Oasis In The Desert
You would think that a place such as this, far out into the desert and under a scorching hot summer sun, would be devoid of all but the sparsest of water. Nothing could be further from the truth. In fact, nearly everywhere I went, I found some of the liquid gold. All you need do was search the rocks for a glint of green, and there, in between the crags and cracks where some plant took a foothold, water was also. My next stop in the canyon was Weeping Rock, a short hike from the canyon road up a winding path to an overhang dripping with water. So much so that moss and other vegatation hung everywhere like a hanging garden. I had been told by the driver that this water was actually seeping through the pourous sandstone from high above on the mesa and that it took an amazing 2000 years to once again appear as it wept from this precipice. So intrigued with this revelation that, for a short time, I followed its meandering to this tiny cascade which appeared and ferns grew.
My next stop was a daunting trek to The Emerald Pools.This hike was probably the most strenuous thus far, but moreso because it began about noon when the sun was on high and the temperture even higher. On this journey, one encounters many degrees of elevation change as well as vegatation and animal life. The end reward for just such an expedition is the sight of the three emerald pools, neatly tucked away from those who do not wish to venture into the near "backcountry". Pool number one, was not so spectacular for its size or color, but rather the fact that it was fed by a several hundred foot waterfall. It fell not like a driving force, but more like a gentle sprinkling from overhead. Here I stood under it arc and wondered at this amazing sight taking this photo. Onward I climbed the ever steep path, through rock and hand-hewn steps made from 4 inch sandstone blocks. Around hairpin twists and turns, through scrub and sage, and darting between shade and sun.
Soon I found myself at pool number two. Once again not as overwelmed by its beauty as I was for the fact that it slowly flowed towards the slope of the cliff I was now standing on, and over its rocky edge. For it was this pool which was, infact, the maternal entity which fed the waterfall that shortly before, I was standing beneath. Once again, I trekked on and now the path narrowed considerably, gave way to a much more strongly inclined trail and was in full sun. Heat of this nature can drain even the best natural reserves, so I stopped often to partake of copious amounts of water which I had brought along. At one of these stopping points I found a large boulder directly in my path and atop it, many cairns placed there by previous passerbys. I too added my declaration to this landmark memorial and pressed on.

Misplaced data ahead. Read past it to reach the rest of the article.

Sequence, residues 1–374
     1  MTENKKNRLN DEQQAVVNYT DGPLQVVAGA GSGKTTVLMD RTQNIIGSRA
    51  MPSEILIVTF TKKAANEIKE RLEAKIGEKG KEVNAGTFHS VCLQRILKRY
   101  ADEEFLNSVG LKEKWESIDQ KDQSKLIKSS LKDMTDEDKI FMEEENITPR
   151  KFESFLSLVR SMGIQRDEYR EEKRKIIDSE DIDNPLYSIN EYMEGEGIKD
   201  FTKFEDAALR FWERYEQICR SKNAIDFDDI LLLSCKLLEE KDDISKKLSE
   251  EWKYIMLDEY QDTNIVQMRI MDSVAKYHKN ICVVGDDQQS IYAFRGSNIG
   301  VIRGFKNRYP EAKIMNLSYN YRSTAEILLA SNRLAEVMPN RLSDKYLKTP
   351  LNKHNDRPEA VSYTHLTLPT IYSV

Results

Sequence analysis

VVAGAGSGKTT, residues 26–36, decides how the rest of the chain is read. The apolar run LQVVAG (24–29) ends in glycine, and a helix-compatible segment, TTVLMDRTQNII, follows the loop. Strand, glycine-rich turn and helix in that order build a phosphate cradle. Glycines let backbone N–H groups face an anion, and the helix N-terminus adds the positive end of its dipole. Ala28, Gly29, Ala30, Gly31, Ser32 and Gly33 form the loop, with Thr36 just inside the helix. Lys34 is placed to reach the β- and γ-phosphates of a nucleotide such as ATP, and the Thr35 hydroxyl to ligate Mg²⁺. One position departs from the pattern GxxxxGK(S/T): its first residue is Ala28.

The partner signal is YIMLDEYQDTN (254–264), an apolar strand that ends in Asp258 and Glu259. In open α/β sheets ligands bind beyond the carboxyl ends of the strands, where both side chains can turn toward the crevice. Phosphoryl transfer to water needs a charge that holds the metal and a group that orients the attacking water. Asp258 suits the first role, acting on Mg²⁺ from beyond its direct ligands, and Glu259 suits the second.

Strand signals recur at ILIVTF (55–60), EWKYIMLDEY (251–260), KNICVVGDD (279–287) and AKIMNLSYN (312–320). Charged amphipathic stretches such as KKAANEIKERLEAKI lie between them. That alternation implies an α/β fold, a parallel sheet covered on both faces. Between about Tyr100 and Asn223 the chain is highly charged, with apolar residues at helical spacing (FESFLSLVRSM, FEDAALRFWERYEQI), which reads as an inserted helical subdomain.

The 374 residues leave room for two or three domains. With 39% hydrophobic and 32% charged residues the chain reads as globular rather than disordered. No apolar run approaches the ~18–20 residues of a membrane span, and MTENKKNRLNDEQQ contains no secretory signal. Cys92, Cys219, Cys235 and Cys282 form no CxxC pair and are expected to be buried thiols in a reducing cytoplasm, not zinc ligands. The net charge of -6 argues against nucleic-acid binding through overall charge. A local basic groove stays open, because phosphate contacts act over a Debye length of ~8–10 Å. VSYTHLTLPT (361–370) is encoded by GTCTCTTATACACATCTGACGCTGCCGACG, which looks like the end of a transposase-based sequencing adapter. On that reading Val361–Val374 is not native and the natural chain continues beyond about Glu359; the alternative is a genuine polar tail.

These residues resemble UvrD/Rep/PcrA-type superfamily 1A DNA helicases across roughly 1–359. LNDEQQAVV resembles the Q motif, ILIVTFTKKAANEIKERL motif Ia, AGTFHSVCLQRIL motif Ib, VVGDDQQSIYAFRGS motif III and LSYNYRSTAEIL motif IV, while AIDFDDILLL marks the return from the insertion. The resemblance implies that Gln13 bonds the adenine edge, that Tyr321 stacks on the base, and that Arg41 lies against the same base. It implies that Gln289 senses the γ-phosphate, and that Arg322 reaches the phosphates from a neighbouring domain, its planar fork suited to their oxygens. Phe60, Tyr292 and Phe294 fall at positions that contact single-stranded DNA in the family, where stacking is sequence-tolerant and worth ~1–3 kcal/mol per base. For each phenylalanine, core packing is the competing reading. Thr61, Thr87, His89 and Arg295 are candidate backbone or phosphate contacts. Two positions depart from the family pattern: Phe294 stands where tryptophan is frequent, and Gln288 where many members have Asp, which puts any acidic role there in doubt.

Ultimately, I attained my lofty goal, the third and final emerald pool. Situated under towering cliffs and dotted with huge boulders, there before me was a very large, dark limped green pool. Its surface as calm as glass, I could not help but move toward and eventually enter its cooling waters. There below the surface was a very fine grained, sandy bottom and my eye caught a slight motion under the water. Upon closer inspection, I found that this alpine pond contained a thriving population of medium sized tadpoles. Oblivious to my presence, they wiggled and squirmed in the warm shallows near the edges of this pristine pool. For perhaps an hour, I sat there in the shade of a nearby live-oak and contemplated this place. High above the canyon floor and seemingly far from all society, I listened intently to the sounds of the wind and a faint hawks cry from high up the rock wall face. This was indeed, a mountain oasis!
Are you not the oasis where I dream, and the gourd from which I drink in long draughts the wine of memory?-Charles Baudelaire